Do You Want To Be Made Well?

[I preached this sermon at Nortminster Presbyterian Church in Slidell/Pearl River, Louisiana on May 1, 2016.]

Do You Want to Be Made Well?

Text: John 5:1-18

No one heard his cries.

At least, that’s what he thought.

The Bible doesn’t speak his name, but we’re going to talk a lot about him, so let’s call him Reginald, because I’m pretty sure that’s not his real name.

For 38 years (38 years!), Reginald lay helpless, as the world went by day by day.

Even Job, with all his troubles, had friends who came by and tried to help, clueless as they were.

Not so with Reginald: No friends, no mercy, no help.

No hope.

He lay by the pool whose name in Hebrew and Aramaic means “house of mercy” or “house of grace”, and also “house of shame” or “house of disgrace.”

I imagine Reginald felt lots of shame and disgrace. People who feel less than whole often feel ashamed and disgraced.

I don’t think Reginald felt much mercy or grace.

At least, not until Jesus turned turned the world upside down for him.


If you’re like me, maybe you remember more to this story. In fact (a little bit of trivia here), you might notice that there is no John 5:4 in the New Revised Standard Version of the Bible, or many other Bible versions.

The missing bit (which spills into part of verse 3), tells a story about how an angel would stir up the waters in the pool from time to time, and whichever sick person won the race to get into the pool first would get healed.

The editors of many newer Bibles leave the story out because it’s just not found in the oldest versions of the Gospel of John. It seems that hundreds of years after the gospel was first put on paper some scribe or priest or monk somewhere decided he needed an explanation for what was going on with the water, and just added one in.

It turns out, there was a good reason why lots of sick people would have made their way to the Pool of Bethesda, and it had nothing to do with angels -- at least not the kind of angels with wings.


The Greeks had a god named Asclepius. (I practiced saying that name.) He was the god of medicine. In the old myths Asclepius could cure people of practically anything.

It was even said that, at least for a while, Asclepius had gone around bringing people back from the dead.

Then Hades, the Greek god of the underworld, complained (jerk!). He was afraid it would get lonely in Hell.

So Zeus, the king of the Greek gods, made Asclepius cut it out.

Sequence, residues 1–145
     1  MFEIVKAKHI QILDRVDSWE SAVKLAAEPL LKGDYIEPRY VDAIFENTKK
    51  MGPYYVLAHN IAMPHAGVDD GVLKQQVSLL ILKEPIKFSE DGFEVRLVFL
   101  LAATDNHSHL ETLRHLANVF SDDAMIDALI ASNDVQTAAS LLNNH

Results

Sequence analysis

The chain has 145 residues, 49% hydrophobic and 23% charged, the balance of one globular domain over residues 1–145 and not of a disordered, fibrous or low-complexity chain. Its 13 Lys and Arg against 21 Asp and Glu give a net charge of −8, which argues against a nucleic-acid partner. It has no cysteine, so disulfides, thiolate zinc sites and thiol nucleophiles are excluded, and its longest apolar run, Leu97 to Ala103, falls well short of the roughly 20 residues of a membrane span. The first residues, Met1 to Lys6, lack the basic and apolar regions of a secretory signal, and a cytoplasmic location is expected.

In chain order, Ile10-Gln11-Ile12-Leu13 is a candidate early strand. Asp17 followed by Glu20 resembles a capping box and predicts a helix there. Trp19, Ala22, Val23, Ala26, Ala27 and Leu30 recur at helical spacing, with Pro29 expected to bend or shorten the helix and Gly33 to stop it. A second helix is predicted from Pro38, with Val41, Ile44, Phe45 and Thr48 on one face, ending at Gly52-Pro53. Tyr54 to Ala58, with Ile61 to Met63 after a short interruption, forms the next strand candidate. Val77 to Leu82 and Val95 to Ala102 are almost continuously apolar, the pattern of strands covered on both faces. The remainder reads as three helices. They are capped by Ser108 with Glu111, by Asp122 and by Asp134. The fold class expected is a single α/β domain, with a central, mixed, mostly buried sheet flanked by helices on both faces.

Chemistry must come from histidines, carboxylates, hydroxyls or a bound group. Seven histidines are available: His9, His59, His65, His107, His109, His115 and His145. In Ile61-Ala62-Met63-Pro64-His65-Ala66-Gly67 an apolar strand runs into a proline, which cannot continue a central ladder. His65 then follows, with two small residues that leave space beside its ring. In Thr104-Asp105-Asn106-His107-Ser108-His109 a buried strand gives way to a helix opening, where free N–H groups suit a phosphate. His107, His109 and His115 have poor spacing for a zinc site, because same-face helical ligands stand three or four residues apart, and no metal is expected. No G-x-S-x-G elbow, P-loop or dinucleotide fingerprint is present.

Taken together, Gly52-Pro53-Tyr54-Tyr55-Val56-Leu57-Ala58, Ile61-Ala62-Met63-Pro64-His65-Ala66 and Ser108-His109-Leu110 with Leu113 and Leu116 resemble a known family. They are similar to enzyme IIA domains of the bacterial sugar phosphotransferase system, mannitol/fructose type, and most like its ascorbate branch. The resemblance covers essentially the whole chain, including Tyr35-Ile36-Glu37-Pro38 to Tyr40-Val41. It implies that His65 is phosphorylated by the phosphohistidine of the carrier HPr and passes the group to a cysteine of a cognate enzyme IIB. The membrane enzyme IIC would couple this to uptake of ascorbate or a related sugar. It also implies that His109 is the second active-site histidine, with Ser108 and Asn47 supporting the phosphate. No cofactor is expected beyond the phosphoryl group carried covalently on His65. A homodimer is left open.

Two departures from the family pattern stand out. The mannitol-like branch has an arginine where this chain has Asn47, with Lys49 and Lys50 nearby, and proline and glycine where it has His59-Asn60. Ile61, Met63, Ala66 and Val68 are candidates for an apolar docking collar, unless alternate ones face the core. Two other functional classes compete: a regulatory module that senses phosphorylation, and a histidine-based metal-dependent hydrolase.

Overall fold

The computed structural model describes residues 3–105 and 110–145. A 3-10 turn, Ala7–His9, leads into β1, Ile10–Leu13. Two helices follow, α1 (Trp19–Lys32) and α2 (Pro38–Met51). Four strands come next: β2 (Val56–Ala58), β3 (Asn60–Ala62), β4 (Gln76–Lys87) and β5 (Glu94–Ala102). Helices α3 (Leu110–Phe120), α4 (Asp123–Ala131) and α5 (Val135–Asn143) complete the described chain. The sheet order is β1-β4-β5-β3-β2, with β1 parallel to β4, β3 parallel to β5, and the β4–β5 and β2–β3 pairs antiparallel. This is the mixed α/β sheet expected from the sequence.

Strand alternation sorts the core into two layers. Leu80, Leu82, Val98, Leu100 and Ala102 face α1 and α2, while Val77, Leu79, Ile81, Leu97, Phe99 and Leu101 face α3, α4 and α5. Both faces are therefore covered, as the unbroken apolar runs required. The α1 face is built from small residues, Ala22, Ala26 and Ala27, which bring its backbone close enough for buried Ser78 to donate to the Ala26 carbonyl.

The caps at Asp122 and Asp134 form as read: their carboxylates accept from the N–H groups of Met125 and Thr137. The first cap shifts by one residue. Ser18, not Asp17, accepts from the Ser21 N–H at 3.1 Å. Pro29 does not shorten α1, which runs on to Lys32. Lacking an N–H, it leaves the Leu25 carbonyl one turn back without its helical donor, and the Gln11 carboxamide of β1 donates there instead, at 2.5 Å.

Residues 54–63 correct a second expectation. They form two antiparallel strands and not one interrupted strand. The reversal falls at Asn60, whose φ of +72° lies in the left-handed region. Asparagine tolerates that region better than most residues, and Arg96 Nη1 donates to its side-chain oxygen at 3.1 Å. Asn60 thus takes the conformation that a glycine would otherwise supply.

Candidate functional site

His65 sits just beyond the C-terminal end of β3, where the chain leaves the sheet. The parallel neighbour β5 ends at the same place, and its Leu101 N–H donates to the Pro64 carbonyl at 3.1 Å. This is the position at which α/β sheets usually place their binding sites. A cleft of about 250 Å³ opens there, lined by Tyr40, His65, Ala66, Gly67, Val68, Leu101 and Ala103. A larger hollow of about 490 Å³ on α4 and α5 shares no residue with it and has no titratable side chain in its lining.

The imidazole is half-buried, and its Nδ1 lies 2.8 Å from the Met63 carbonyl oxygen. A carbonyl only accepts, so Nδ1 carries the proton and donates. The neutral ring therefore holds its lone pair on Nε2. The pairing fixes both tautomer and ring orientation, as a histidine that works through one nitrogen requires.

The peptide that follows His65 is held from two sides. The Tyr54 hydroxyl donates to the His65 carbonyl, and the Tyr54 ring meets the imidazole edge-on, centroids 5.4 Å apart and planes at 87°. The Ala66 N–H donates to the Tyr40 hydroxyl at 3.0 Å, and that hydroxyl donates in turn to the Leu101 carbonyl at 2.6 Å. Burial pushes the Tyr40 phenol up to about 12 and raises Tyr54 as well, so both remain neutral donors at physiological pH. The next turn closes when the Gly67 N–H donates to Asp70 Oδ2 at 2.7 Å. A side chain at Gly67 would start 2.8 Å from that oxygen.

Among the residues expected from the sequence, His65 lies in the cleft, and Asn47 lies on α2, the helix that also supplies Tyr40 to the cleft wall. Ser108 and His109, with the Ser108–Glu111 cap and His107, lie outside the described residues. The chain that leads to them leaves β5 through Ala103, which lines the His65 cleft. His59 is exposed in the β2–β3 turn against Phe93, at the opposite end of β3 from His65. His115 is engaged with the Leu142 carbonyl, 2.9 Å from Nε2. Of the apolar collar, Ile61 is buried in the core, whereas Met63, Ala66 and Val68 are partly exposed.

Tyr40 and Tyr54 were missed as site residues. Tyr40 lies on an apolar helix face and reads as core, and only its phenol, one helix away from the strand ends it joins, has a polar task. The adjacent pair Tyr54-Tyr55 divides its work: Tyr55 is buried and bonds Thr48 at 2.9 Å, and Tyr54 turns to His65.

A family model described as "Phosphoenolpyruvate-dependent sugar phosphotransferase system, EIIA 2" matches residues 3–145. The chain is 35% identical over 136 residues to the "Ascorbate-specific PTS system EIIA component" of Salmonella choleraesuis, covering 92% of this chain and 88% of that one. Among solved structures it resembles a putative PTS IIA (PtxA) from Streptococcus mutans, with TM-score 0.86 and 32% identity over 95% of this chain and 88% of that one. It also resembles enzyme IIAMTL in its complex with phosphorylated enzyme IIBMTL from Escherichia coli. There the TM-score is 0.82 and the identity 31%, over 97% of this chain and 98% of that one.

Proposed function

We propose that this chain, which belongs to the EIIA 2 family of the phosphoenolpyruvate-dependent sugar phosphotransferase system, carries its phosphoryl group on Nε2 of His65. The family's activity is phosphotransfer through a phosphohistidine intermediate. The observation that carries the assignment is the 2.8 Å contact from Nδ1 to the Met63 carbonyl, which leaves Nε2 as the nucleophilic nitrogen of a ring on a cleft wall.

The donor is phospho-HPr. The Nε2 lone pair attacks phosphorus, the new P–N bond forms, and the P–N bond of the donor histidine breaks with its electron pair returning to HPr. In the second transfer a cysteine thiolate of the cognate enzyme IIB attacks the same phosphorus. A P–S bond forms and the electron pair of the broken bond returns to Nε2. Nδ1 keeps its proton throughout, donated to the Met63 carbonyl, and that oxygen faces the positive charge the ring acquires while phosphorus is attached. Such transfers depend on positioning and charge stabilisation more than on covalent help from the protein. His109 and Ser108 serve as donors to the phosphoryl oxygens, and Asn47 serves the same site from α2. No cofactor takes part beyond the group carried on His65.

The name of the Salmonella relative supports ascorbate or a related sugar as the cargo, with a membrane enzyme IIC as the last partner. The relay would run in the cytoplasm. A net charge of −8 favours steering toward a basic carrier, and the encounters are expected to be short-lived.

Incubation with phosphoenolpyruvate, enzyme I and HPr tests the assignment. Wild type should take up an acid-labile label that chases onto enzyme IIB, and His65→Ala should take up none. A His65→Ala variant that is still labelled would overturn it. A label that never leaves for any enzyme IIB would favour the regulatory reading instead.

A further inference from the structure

But anyway, Asclepius had a number of real, honest-to-the-real-God human followers called “therapeutae” (for men) or “therapeutrides” (for women). (I practiced saying those words too…) It meant “someone who heals.” The word “therapy” comes from the same Greek word. The therapeutae and therapeutrides, as followers of Asclepius, were committed to medicine and healing. And, it turns out, they were actually pretty good at it, considering the times.

There was a complex with  a couple of baths in some natural caves just north of Jerusalem. At least one of these baths was dedicated to Asclepius, managed by his therapeutae and therapeutrides. It was near the Sheep Gate, near the Temple of the true God, a gate handy for bringing in sheep for sacrifice. Part of the complex was a pool with four colonnades, separated in the middle by another one. A pool called Beth-zatha or Bethesda.

If you were sick in the time of Jesus, you could do much worse than look for help at this pool. There were people there who might be willing and able to help you.

Angels, of a sort.

Only there are some people whom the angels often seem to ignore:

  • People who are sick and have no way to get care,
  • People who are starving,
  • People who are homeless,
  • People who are addicted  to drugs like alcohol,
  • People who yearn to end their life.

Reginald, kind of the patron saint of the therapeutically ignored, lies there on his mat year after year, sick, friendless, and helpless at the pool of grace and disgrace.

Jesus walks up to this man and asks, “Do you want to be made well?”

Reginald does not answer the question directly. He doesn’t say, “yes.” In fact, he seems to me to be a little confused. He just starts telling Jesus his life story.

Now, in the Gospel of John, it's actually kind of unusual for someone to ask a simple question and get a simple answer. Still, this question (“Do you want to be made well?”) is odd, even for John.

While Jesus heals something like 30 or 40 people in the gospels (Matthew, Mark, Luke, and John), this is the only time he ever uses that phrase. “Do you want to be made well?”

It must have been confusing to hear an obviously Jewish man ask a question like that in this pagan place so near to the Jerusalem temple. And Jesus asked it on the Sabbath, a day Jews dedicated to rest and study, a day where work like healing was, for the most part, forbidden.

Reginald must have thought this might be some kind of test or trap. So he doesn’t say “yes” or “no”. He tells Jesus who he is, or, at least, who he thinks he is: a man defined by 38 years of sickness and rejection.

And Jesus says, “No, that’s not who you are.”

Except not in those words. He says, “Rise, take up your mat, and walk.”

With Christ’s words and God’s healing, the world Reginald was in, the world where he was imprisoned on a mat, sick and pathetic and not worth the attention of anyone, was over. Over. The world was now one where Reginald  was healed, and strong, and a political problem for some of the most important people in Jerusalem, who found him to be a dangerous threat to all that is holy because he’s walking around with a mat on a Sabbath.

And Reginald did nothing to make this happen. Nothing at all. For 38 years, Reginald did nothing because he was sick and alone and powerless, and when Jesus stood over him, Reginald did nothing because he was sick and alone and powerless.